The Indian Institutes of Technology, the country's only world-class centres of higher education, are to become more elitist under plans to raise the admissions threshold.
From next year, only candidates who have scored at least 60 per cent in their school-leaving examinations will be permitted to sit the all-India Joint Entrance Examination, and only two attempts to pass the exam will be allowed. At present, anyone who has passed school final examinations can enter the JEE.
The plans have provoked nationwide protests. Student groups say the move is biased against candidates from state schools, especially in educationally backward states. A Delhi University student union official said: "In states such as Bihar and Uttar Pradesh, school results are generally poor, and students who wish to go to one of the institutes have special coaching after their school exams. They will now be at a disadvantage.''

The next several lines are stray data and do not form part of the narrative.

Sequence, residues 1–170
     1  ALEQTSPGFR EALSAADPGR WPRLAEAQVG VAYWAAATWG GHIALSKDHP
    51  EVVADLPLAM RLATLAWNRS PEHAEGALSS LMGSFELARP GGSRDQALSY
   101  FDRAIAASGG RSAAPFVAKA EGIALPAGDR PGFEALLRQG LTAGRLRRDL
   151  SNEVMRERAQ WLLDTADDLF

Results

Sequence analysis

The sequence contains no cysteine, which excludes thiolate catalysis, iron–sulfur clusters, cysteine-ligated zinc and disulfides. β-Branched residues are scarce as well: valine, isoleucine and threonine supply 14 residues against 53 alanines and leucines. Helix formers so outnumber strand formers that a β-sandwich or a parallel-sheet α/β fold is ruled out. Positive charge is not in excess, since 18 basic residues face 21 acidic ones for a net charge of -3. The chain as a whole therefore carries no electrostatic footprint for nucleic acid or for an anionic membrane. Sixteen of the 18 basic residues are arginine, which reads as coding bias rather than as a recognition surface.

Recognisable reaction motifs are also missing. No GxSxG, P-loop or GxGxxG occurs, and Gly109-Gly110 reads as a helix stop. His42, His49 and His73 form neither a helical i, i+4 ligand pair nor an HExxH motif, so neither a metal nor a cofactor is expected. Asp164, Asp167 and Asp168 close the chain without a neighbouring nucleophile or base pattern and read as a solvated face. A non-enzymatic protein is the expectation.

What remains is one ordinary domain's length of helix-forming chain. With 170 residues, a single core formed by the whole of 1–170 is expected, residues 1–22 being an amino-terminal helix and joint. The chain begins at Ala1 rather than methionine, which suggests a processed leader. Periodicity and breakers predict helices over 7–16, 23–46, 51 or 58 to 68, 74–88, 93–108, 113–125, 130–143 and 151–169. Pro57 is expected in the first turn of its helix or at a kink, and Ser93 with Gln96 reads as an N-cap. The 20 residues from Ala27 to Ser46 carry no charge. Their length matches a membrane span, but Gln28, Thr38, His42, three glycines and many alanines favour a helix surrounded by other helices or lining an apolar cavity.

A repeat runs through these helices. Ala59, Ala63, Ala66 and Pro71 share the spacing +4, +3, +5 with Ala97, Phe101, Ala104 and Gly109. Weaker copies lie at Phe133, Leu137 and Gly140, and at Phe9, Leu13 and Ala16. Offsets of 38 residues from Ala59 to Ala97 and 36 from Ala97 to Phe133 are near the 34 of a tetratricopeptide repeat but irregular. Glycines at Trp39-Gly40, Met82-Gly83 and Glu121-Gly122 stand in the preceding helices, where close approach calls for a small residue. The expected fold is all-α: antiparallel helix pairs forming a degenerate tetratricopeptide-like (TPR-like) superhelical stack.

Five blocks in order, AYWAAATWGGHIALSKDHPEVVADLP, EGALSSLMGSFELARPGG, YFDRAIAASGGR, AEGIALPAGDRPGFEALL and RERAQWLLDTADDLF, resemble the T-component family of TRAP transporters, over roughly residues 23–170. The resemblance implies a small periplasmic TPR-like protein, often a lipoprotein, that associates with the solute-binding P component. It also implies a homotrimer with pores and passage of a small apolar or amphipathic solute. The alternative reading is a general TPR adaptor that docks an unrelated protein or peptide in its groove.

The IITs said the idea was to encourage students to concentrate on their school studies.
The IITs came fourth in The Times Higher 's survey of 200 top universities last year. They were identified as a potential model for the revitalisation of the African university system in Tony Blair's Commission for Africa report. This year the IITs have moved up to third place in the ranking.